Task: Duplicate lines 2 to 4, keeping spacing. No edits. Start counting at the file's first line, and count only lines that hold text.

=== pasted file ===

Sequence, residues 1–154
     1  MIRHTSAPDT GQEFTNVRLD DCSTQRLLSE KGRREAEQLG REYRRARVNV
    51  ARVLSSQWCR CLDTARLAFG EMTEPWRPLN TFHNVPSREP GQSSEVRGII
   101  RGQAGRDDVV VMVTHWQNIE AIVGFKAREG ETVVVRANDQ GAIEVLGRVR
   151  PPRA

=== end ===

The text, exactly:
     1  MIRHTSAPDT GQEFTNVRLD DCSTQRLLSE KGRREAEQLG REYRRARVNV
    51  ARVLSSQWCR CLDTARLAFG EMTEPWRPLN TFHNVPSREP GQSSEVRGII
   101  RGQAGRDDVV VMVTHWQNIE AIVGFKAREG ETVVVRANDQ GAIEVLGRVR